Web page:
CPCR (CPR) for patients who pass away and aftercare for them if they are successfully recovered. These patients usually require extensive monitoring and care for the first 48+ hours after such events.

Monitoring of patients’ heart rhythms to evaluate for irregularities and provide specific treatments according to changes that are seen.

Removal of fluid or air from around the lungs after trauma or due to an underlying disease.

Evaluation of cardiovascular status and fluid therapy to tailor treatment to the patient more precisely.

Evaluation of cardiovascular status and fluid therapy to tailor treatment to the patient more precisely.

Patients who are affected by diseases that prevent their ability to breathe normally can require respiratory support in the form of mechanical ventilation. This helps the patients to breathe by assisting the delivery of oxygen therapy into the lungs that can be titrated to meet the needs of the patient. This is used for patients suffering from diseases where the body needs oxygen support greater than can be provided by traditional oxygen therapy. These include diseases such as severe pneumonia, heart failure, pulmonary contusions (typically following trauma) or acute respiratory distress syndrome. Other patients who may require ventilatory support include those that are unable to breathe on their own, including diseases of the nervous system and ingestion of toxins that impair the muscles of breathing. Patients can require ventilatory support for a length of time ranging from hours to days, while the patient's underlying disease is treated and they recover enough to be able to breathe on their own.

Supplemental oxygen is required by some patients with disease in their lungs (pneumonia, congestive heart failure, injury after trauma) to help them adequately oxygenate their blood and tissues.

It can be difficult to interpret an animal’s behavior and evaluate their level of comfort. Our doctors and technicians are trained to identify subtle cues from our patients so that an appropriate pain management protocol can be implemented and tailored to our patients’ needs.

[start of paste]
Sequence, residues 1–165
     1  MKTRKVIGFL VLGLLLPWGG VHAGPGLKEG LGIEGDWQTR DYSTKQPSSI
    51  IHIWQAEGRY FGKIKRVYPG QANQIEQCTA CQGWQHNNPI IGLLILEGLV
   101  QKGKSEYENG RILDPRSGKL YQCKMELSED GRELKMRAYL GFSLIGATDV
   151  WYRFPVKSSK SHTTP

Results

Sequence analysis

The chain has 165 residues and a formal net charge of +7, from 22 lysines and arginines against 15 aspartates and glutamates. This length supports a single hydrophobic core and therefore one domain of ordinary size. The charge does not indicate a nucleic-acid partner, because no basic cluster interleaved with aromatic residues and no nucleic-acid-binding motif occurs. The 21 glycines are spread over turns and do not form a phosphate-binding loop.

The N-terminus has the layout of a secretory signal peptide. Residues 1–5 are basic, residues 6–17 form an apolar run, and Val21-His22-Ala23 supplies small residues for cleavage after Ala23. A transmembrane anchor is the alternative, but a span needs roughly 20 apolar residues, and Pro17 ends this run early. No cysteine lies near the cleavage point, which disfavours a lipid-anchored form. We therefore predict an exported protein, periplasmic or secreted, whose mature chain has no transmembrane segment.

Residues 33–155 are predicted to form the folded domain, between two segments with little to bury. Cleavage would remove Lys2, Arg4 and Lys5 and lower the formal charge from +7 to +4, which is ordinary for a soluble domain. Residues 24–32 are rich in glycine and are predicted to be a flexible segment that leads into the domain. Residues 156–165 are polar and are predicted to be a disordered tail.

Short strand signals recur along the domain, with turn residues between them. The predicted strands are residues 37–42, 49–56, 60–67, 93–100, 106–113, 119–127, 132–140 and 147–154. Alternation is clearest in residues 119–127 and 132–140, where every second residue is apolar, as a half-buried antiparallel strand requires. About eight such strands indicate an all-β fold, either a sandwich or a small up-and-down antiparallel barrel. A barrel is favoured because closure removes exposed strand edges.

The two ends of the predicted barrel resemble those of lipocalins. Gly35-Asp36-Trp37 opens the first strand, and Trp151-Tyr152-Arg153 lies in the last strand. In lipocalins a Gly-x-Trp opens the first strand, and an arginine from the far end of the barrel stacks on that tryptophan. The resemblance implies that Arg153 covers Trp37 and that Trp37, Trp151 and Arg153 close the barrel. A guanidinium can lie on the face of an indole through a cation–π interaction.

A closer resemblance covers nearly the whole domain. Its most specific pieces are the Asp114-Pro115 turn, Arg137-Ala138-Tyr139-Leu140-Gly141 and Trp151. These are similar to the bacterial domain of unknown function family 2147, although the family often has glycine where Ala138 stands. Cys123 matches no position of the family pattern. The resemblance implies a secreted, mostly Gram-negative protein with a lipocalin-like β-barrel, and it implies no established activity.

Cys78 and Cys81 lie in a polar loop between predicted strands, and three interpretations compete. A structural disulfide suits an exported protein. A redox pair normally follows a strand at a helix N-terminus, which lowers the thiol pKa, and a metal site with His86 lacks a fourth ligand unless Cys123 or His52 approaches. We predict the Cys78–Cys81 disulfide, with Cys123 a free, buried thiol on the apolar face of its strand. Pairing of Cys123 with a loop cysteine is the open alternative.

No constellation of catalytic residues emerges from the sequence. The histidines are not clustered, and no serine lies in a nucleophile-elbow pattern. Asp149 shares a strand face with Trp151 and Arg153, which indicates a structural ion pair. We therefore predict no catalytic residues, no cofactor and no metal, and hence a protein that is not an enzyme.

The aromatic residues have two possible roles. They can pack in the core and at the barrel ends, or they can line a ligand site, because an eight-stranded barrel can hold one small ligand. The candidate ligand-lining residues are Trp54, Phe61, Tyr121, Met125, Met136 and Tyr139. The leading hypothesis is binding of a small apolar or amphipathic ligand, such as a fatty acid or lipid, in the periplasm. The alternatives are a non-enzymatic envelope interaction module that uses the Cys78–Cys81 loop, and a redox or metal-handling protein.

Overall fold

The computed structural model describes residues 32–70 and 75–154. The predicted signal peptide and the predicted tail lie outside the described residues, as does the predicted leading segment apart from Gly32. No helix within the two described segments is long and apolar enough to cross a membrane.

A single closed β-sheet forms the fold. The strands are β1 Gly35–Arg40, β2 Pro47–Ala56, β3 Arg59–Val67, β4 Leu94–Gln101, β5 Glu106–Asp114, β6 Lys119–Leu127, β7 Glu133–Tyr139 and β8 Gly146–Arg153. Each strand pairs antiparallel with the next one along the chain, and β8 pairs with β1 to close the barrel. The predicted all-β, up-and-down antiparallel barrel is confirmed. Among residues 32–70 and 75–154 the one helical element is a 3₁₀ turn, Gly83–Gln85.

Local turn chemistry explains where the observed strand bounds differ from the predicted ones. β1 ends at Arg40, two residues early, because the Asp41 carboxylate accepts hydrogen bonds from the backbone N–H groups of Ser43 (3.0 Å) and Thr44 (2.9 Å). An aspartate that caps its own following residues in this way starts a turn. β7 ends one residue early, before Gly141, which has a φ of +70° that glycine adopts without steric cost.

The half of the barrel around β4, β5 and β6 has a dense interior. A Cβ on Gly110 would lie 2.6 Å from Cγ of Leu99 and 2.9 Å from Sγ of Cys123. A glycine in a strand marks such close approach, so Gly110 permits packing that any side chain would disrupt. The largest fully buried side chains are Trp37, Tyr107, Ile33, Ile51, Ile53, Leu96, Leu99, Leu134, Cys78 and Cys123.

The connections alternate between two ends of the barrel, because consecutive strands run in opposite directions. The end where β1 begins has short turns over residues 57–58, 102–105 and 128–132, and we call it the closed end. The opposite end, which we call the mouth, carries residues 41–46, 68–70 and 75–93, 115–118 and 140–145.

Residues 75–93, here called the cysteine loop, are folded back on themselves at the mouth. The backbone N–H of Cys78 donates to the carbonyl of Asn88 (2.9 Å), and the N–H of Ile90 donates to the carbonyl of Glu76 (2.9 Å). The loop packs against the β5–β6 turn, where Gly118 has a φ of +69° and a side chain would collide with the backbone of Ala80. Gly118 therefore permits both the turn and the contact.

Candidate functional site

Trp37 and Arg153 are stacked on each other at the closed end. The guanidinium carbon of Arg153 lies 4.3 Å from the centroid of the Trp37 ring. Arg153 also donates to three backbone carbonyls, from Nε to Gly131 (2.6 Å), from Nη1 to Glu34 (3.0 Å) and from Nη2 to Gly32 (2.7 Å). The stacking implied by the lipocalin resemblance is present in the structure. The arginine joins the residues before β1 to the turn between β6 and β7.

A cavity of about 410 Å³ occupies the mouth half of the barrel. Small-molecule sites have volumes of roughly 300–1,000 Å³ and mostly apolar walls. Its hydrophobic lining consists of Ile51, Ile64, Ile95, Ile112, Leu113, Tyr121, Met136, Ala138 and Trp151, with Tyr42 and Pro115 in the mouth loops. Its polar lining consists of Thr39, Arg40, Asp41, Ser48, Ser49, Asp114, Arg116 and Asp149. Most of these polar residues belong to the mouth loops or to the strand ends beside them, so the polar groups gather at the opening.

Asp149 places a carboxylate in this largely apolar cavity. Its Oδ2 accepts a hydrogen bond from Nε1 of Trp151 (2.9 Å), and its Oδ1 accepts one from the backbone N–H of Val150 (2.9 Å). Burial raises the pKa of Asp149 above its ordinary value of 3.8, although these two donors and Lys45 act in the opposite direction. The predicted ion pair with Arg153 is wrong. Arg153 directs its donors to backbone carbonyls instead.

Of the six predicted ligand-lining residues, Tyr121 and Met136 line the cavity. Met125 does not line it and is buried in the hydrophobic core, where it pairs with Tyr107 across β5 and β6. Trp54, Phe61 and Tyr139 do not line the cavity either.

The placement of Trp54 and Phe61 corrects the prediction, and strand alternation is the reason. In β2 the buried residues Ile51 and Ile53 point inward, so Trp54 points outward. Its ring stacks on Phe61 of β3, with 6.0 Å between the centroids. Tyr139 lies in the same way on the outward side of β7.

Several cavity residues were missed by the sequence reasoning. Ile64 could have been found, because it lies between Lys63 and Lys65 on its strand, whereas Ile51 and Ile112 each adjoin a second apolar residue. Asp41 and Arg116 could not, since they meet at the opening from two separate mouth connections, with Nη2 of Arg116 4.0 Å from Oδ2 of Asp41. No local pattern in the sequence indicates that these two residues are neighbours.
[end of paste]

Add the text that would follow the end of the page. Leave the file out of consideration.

Measurement of pressures within the eye. This diagnostic is most often performed on patients with glaucoma.

When faced with a painful decision, we help you decide which life-saving measures to offer your pet. There are various levels of resuscitation efforts, from minimal to extensive. These efforts depend on your pet’s medical condition, your personal wishes, and financial considerations. We advise you of the options, so you can make appropriate decisions. If your pet requires hospitalization, you may be asked to select a life support option.


Board certified veterinary criticalists focus on current techniques for diagnosing and treating life-threatening conditions in an emergency and for the critical time while pets are recovering. In addition to undergraduate training and four years of veterinary school, board certified criticalists complete an internship and residency, an additional four to five years of training. This is followed by a rigorous examination from the American College of Emergency & Critical Care. Passing this examination grants the status of Diplomate of the American College of Emergency & Critical Care (ACVECC).

Board certified criticalists work together with primary care veterinarians, emergency doctors, and other specialists to diagnose, stabilize, and manage pets experiencing a medical crisis.

Meet Our Emergency & Critical Care Team